Global Agriculture

Pawsome Vets: World Veterinary Day Celebrates Vital Health Workers

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27 April 2024, AU: Vets are on the frontlines of public health and today Australia’s largest public sector employer of vets – the Department of Agriculture, Fisheries and Forestry – is proud to celebrate their achievements.

April 27 is World Veterinary Day and this year’s theme is ‘veterinarians are essential health workers.’ The day spotlights One Health approaches to disease prevention and management, recognising the interconnections between animal, human and environmental health.

Australia’s Chief Veterinary Officer, Dr Beth Cookson, advocates for wider recognition of the vital role vets play in public health and societal wellbeing.

“Vets don’t just heal animals – their work contributes to the health of whole communities and the environment too.”

Both here in Australia and globally, vets are our first line of defence for biodiversity and food safety.

Veterinarian Profile: Dr Michael Patching

For Dr Michael Patching, a Singapore-based Australian private veterinarian, his profession is a holistic vocation.

“The power of veterinary work is not just in treating animals but in connecting with people from all walks of life, understanding their stories, and finding common ground in our shared love for animals.”

Dr Patching is pursuing practical One Health outcomes on the ground in Southeast Asia.

He initiated the development of Vietnam’s Chilled Beef Standard and Animal Welfare Standards with the support of an Agricultural Trade and Market Access Cooperation (ATMAC) program grant from the Department of Agricultural Fisheries and Forestry. These projects were delivered by Meat & Livestock Australia (MLA) with technical assistance from the department, including through the support of Australia’s Agriculture Counsellor to Vietnam, Tony Harman.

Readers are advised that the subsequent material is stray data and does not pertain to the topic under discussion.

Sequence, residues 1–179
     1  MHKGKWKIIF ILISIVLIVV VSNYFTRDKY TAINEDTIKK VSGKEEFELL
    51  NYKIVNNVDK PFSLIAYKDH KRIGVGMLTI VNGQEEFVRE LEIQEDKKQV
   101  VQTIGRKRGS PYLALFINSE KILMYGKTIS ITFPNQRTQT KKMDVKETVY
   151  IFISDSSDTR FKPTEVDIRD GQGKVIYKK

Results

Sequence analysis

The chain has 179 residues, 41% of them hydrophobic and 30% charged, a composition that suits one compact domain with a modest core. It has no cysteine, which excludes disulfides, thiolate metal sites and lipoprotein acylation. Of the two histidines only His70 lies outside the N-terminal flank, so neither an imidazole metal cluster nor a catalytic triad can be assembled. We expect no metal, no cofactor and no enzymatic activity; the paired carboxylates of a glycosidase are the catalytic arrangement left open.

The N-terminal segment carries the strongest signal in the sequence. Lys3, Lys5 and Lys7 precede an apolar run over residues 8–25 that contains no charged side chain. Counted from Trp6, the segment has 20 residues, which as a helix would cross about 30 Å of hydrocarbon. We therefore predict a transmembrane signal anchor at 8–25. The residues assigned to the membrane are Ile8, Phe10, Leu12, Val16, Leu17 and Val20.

“Seeing the Standards completed with the Vietnamese Government was not just a professional milestone, but a personal one,” he said. “It reflects a commitment to improving animal welfare on a systemic level.”

He continues his engagement with Asian farms. Most recently he trained more than 60 Vietnamese abattoir workers to put new meat standards and animal welfare protocols into practice.

Dr Patching also raises awareness about animal diseases that are present in Southeast Asia such as lumpy skin disease and foot-and-mouth disease through regular media commentary. Through informal networks, he helps bridge the gap between policymaking and on-ground realities, strengthening early disease detection.

“My career has been anything but monotonous. I’ve been fortunate enough to help develop international markets for Australian livestock, contribute to greater understanding of animal welfare, and launch my own consultancy firm.”

The veterinary profession boasts diverse career opportunities, and the department offers pathways to aspiring vets to join its ranks through the Graduate Development Program and other initiatives.

“I encourage those aspiring to a career in animal health to explore all the potential pathways of our wonderful profession,” said Dr Cookson.

“On World Veterinary Day I want to acknowledge and express my gratitude to all vets for being champions of health.”

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